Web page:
Today I celebrate an exciting eBay auction win! I've been searching for my own copy of Call Me Abigail (above) since at least 1978. Distributed by Gordon & Gotch, I'm sure I recall seeing copies of the book in local newsagents and bookstores in the early 70s, just as I'd seen many a copy of the infamous Number 96 Cookbook at supermarket cash register stands. But I didn't start collecting "Number 96" material until I heard a radio advertisement for a huge Angus & Robertson book sale, not long after the TV series was axed and off the air, which included the exclamation, "Number 96 paperbacks: only 10 cents each!" (Not a bad price, considering that several of those fictional, Mills & Boon-style paperbacks were originally carrying a recommended retail cover price of just "96 cents"! Tee hee! Cute marketing.)
After quite a bit of detective work, I had almost-pristine copies of seven of the (eight) remaindered Arkon novelizations of early "Number 96" episodes. (I shall list them all here and review them some day; I've never really had the room to include much about these books on my "Number 96" home page.) I found one more elusive title, years later, in a second hand bookshop, even though I'd tried to confirm with the original publishers that only seven titles had ever been published.
My first trip to the wonderful Berkelouw's Book Barn at Berrima, in the early 80s, landed me my own copy of the Number 96 Cookbook (with intact iron-on transfer of the show's logo!) for a very reasonable price. Over the years, several people finding my website have offered me their copies of the cookbook, but there was a great thrill when finding that first one.
In more recent years, I've added numerous other "Number 96" literary treasures to my collection, including an original "Number 96" novel from 1976 (set not long after the bomb episode): a book which I'd never even heard about until my appearance on "Tonight Live with Steve Vizard" in the 90s. In fact, the day Ron Shand (Herb Evans) passed away, I was in a second hand bookshop in Leichhardt searching for that darn novel. Mysteriously, I found it in the same shop just a few weeks later. (Thanks for looking out for me, Herbie-Berb! It was much appreciated.)
There are also: several non-96 thrillers by writer David Sale; a non-96 romance novel by Nancy Cash; wacky little witchcraft books by Deborah Gray (Miss Hemingway); and a TV script book called Zoom In (1977), which contains the teleplay for Episode #1000; and numerous reference books that mention the show. I also treasure my copy of Patti Crocker's Radio Days (1989), with its brief chapter about her stint as Eileen Chester in "Number 96".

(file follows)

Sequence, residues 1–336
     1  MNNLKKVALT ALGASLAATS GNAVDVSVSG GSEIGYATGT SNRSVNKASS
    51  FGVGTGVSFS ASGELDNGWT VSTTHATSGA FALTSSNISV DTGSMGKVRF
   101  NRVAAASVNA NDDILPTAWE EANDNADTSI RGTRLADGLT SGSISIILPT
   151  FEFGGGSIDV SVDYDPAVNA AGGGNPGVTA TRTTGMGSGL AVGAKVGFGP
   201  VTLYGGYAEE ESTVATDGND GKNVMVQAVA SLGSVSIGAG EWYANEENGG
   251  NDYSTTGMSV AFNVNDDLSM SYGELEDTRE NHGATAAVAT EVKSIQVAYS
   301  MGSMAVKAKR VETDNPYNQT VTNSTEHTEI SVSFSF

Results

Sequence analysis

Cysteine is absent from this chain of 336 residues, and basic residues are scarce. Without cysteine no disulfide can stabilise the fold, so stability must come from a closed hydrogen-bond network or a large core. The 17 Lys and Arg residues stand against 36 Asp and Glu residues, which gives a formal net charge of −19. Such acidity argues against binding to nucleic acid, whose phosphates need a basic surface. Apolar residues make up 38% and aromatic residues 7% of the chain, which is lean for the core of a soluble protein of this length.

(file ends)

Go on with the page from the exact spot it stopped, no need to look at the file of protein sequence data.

But Call Me Abigail had eluded me! (Until now!) Month after month, year after year... every time I visit a second hand bookstore, especially tiny, forgotten country stores (where rare books are sometimes way underpriced), I headed straight for the Biography and Showbiz sections. But think about it: if the store alphabetises by author, then any book by someone called Abigail (no regular surname) is going to be the very first item on the shelf. Call Me Abigail no doubt catches the attention of the first casual browser to happen in after the book has been placed on the shelf. Sigh. Well, that's my theory, and I'm sticking to it.
In any case, I made what I thought was a reasonable bid on this book that had become such a coveted Holy Grail over the last 28 years of searching, only to see the price creep up past my original online reserve. Drat! At the last minute, I recalculated whether or not I really needed this item and boldly outbid the rest. Declared triumphant, I requested the eBay seller to quote me the extra amount required to ensure registered postal rates for my purchase. Happily, the seller agreed, making the price an extravagant - yet highly appropriate - and coincidental $96!!!! How bizarre is that? And a not-too-shabby investment on a book that had a 1973 shelf price of $1.85, and marked down to some lucky person for 95 cents.
When I was researching my social history on "Number 96", I discovered a humorous old article about two potential rivals for Call Me Abigail that never happened. Candida Raymond played Jill Sheridan in the series - and was, coincidentally, the real-life sister of Victoria Raymond, the actress who took over the part of Bev Houghton when Abigail was fired. Candy used to fib to the TV magazines that she was only in "Number 96" to research a university thesis! That was her story, anyway. In another article, she told TV Week of her plans to top Abigail's literary efforts, and to write her own racy autobiography, Call Me Candy. But my favourite story came from Pat McDonald and Bunney Brooke, who played pensioners Dorrie Evans and Flo Patterson. In the same article, they told the reporter that they were planning their own tell-all book, entitled: Call Us, Please.